Thanks for alerting me to this worthy cause, Janet!’
    Marian Beaman recently posted…Thanksgiving 2020: The Silly, the Secular, and the SacredMy Profile

    • Janet Givens
      | Reply

      Thanks for sharing your philanthropy choices, Marian. I support wholeheartedly that local giving must come first. Here, our state wide Vermont Foodbank is one of my favorite charities. That and our local domestic violence programs. Back when I was doing fundraising professionally I found an unfortunate absence of a philanthropic mind set. I do think it’s a practice we learn at a young age. Kudos once again to your family. Have a Happy Thanksgiving
      Janet Givens recently posted…GIVING TUESDAY is comingMy Profile

  2. Darlene Foster
    | Reply

    I recall seeing the Statue of Liberty for the first, and only, time in 1988. I teared up as it would have been the first thing my great grandparents and 4-year-old grandfather would have seen entering New York harbour in 1911. They were coming to their new home from South Russia as displaced persons. From NY they went by train to the homestead in Alberta, Canada. But this was America and freedom for them. Bravo for you and the work you do for asylum seekers! Happy Thanksgiving.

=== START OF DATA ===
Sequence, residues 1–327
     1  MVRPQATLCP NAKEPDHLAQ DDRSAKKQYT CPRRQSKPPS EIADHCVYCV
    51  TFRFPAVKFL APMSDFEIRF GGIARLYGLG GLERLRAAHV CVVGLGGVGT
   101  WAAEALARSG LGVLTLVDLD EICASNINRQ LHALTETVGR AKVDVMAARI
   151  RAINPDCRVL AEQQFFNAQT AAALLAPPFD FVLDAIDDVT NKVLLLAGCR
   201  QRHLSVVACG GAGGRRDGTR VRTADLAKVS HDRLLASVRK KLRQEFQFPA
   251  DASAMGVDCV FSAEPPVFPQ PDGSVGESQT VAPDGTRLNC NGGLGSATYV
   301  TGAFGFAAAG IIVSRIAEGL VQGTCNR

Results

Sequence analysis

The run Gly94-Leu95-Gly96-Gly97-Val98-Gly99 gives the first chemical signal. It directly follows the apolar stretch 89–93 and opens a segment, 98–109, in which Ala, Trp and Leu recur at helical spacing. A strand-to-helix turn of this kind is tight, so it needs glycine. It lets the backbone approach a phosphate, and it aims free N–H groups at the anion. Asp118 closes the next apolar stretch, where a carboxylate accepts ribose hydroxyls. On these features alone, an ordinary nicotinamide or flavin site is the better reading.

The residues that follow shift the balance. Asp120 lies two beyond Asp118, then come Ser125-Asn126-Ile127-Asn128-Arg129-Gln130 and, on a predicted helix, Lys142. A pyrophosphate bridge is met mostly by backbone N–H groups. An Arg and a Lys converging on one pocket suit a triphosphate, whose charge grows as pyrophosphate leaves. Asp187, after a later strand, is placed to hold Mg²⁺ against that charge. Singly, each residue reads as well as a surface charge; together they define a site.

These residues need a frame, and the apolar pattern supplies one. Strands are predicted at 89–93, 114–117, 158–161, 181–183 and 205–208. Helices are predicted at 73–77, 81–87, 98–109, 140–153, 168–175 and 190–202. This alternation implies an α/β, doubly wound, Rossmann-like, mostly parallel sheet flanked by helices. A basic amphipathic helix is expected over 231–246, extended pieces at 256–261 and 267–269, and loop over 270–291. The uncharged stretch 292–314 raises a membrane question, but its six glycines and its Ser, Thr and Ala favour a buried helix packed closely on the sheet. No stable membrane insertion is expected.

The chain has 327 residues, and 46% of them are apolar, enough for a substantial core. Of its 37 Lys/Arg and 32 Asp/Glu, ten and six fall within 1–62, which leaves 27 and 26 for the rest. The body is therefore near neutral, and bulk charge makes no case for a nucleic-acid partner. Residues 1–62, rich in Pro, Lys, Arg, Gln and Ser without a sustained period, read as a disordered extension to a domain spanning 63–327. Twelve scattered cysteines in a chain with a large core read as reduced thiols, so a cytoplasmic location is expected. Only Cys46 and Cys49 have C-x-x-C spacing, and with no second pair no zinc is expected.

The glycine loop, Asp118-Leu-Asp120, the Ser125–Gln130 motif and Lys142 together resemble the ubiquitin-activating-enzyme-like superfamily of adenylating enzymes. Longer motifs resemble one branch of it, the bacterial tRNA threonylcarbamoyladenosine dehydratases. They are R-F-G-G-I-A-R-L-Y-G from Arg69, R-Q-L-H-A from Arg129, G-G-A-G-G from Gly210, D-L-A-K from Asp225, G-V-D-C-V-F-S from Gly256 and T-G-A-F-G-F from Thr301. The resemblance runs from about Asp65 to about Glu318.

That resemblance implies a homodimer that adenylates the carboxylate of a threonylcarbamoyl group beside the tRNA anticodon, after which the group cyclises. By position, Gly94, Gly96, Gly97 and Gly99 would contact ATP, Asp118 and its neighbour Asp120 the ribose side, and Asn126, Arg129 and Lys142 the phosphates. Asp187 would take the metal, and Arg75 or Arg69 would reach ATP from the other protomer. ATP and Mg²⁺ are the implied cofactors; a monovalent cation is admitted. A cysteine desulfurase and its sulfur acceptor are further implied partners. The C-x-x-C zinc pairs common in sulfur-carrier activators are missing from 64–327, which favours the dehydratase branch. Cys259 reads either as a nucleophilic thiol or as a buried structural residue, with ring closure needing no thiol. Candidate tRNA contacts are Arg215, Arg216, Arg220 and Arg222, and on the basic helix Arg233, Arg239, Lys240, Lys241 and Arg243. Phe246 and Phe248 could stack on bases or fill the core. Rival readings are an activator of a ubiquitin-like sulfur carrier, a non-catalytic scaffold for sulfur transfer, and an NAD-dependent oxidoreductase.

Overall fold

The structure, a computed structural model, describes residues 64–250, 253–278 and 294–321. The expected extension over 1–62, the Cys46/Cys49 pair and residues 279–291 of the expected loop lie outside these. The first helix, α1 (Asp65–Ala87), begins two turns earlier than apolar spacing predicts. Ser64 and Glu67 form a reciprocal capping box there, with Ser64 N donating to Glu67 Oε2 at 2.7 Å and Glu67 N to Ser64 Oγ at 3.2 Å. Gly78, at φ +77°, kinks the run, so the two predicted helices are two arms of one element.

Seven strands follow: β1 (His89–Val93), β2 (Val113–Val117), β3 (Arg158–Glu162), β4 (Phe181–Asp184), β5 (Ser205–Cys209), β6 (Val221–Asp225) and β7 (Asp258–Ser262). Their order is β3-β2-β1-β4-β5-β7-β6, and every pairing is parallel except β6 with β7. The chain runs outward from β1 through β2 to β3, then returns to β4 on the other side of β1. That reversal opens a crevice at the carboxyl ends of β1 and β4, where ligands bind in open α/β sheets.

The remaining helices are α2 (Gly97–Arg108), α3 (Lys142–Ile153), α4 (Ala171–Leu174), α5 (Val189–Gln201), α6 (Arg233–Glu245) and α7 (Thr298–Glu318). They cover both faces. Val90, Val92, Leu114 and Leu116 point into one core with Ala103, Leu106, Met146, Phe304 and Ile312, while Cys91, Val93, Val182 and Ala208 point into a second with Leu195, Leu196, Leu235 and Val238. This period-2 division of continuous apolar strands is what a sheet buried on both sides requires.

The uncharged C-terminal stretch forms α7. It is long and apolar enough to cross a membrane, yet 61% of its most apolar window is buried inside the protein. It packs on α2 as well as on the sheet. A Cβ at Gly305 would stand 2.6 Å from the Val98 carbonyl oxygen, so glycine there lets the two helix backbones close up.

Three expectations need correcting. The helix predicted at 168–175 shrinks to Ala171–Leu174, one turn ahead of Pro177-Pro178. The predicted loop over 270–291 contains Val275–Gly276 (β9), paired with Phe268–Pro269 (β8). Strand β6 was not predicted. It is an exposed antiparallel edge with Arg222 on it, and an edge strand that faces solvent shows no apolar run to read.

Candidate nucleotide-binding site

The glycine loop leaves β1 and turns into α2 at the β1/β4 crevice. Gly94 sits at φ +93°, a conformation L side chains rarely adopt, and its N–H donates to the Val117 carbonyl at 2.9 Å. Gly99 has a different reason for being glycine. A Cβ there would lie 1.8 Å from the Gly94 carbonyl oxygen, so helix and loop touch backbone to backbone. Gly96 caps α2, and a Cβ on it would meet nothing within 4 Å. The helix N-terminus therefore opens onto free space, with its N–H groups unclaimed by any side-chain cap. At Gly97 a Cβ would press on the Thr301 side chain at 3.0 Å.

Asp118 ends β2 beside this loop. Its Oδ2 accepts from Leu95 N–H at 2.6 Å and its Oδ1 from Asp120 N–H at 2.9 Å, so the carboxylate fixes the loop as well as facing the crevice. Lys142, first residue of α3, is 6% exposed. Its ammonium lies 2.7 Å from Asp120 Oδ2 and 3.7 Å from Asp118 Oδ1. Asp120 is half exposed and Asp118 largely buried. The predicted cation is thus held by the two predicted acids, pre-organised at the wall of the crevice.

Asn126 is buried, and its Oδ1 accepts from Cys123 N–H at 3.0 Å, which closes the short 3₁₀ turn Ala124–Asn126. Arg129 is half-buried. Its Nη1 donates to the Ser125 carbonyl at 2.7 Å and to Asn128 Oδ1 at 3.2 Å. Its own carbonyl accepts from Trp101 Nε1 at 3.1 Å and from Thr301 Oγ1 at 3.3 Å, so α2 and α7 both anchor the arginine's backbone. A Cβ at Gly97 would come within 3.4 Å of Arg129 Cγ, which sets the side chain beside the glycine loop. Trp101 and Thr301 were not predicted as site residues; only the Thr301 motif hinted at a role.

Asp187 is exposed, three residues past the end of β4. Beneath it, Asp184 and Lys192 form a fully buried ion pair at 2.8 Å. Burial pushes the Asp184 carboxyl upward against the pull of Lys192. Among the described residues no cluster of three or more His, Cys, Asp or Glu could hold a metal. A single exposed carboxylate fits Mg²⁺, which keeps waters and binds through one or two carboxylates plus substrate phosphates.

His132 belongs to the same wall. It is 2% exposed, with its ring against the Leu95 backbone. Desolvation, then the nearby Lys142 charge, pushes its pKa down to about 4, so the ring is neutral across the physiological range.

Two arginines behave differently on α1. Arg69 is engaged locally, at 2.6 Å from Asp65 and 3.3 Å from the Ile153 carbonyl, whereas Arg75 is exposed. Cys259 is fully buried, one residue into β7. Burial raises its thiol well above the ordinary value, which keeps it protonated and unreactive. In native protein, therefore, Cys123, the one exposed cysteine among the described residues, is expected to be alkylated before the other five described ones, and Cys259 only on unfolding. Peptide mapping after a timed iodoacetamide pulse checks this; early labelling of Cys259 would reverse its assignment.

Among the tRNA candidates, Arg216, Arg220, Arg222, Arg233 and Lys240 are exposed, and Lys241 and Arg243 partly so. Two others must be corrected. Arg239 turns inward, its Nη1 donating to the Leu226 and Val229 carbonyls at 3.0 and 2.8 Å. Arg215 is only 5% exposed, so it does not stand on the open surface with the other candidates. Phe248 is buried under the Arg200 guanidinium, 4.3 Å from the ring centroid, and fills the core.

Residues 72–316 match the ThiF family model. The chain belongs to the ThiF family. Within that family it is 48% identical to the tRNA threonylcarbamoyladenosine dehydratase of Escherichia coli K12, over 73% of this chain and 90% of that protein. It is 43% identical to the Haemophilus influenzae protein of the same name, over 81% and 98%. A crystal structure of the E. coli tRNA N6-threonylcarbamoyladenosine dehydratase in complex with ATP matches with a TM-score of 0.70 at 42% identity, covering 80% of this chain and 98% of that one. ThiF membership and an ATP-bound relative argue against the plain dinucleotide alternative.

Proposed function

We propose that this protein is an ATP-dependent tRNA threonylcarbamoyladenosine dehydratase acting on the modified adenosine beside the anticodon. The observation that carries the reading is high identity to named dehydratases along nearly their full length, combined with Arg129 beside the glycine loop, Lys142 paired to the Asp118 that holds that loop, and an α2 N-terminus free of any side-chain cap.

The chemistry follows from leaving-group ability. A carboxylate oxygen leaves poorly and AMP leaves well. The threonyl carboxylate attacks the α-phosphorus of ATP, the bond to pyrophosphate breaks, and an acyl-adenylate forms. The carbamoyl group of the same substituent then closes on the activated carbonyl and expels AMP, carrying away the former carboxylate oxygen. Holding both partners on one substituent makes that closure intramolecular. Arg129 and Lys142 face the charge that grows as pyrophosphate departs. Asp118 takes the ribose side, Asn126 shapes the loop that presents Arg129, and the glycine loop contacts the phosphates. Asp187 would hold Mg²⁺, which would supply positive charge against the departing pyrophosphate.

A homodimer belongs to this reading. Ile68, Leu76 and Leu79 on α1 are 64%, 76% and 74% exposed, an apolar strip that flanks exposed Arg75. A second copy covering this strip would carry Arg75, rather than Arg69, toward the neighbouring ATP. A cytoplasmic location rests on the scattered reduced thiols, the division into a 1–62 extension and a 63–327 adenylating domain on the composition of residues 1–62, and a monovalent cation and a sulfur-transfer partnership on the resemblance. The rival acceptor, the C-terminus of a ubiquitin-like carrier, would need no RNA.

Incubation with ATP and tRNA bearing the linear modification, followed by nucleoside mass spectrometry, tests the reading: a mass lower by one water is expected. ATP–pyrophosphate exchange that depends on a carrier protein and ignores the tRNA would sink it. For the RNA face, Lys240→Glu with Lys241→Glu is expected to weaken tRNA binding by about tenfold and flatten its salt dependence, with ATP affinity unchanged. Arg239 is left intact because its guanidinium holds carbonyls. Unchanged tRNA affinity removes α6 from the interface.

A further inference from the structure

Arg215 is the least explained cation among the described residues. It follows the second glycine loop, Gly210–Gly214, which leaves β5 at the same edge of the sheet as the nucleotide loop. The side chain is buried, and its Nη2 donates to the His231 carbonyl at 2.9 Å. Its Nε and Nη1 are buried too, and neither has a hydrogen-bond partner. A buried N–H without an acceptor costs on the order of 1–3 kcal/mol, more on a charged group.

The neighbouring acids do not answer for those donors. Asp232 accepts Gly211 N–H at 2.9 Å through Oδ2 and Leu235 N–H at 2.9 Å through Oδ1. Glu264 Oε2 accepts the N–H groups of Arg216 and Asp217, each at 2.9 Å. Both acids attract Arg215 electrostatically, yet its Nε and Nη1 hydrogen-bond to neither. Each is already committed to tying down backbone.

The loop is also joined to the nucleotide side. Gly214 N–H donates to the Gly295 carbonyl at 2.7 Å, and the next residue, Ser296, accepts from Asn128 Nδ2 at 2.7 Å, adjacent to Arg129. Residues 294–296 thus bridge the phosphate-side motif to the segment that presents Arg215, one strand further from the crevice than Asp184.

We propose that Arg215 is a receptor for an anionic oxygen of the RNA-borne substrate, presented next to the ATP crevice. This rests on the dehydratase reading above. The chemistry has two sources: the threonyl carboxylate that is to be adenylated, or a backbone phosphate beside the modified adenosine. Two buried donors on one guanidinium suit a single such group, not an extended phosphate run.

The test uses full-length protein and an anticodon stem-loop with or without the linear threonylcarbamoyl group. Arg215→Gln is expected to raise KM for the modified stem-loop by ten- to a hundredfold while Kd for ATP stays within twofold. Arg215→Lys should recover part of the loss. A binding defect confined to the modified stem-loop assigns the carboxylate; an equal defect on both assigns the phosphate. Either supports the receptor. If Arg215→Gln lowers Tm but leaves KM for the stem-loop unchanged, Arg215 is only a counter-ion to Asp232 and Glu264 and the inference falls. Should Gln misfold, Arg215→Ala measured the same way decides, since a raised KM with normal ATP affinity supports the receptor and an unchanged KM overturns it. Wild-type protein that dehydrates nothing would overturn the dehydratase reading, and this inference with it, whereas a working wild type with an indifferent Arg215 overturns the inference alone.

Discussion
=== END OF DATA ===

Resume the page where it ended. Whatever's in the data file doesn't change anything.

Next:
3. Bette A Stevens
    | Reply

    I climbed the Statue of Liberty once as a teen. Thanks for sharing your wonderful photograph and Emma Lazarus’s poem, Janet. Thanks for sharing your support of immigrants and their plight as well. As Americans, we have much to do to improve living conditions for so many who are here–those who have no voice. There were many organizations I supported when I was working through United Way. As a retiree, I support my local food cupboard and other local projects. Thanks for all you do!

  4. Janet Givens
    | Reply

    And thank you as well, Bette. In addition to taking me on many day trips into NYC, my grandmother also taught me that the more we give, the more we get. And giving comes first. I’ve found this to be true throughout my life. Sounds like that’s your philosophy as well. Thanks for sharing.
    Janet Givens recently posted…GIVING TUESDAY is comingMy Profile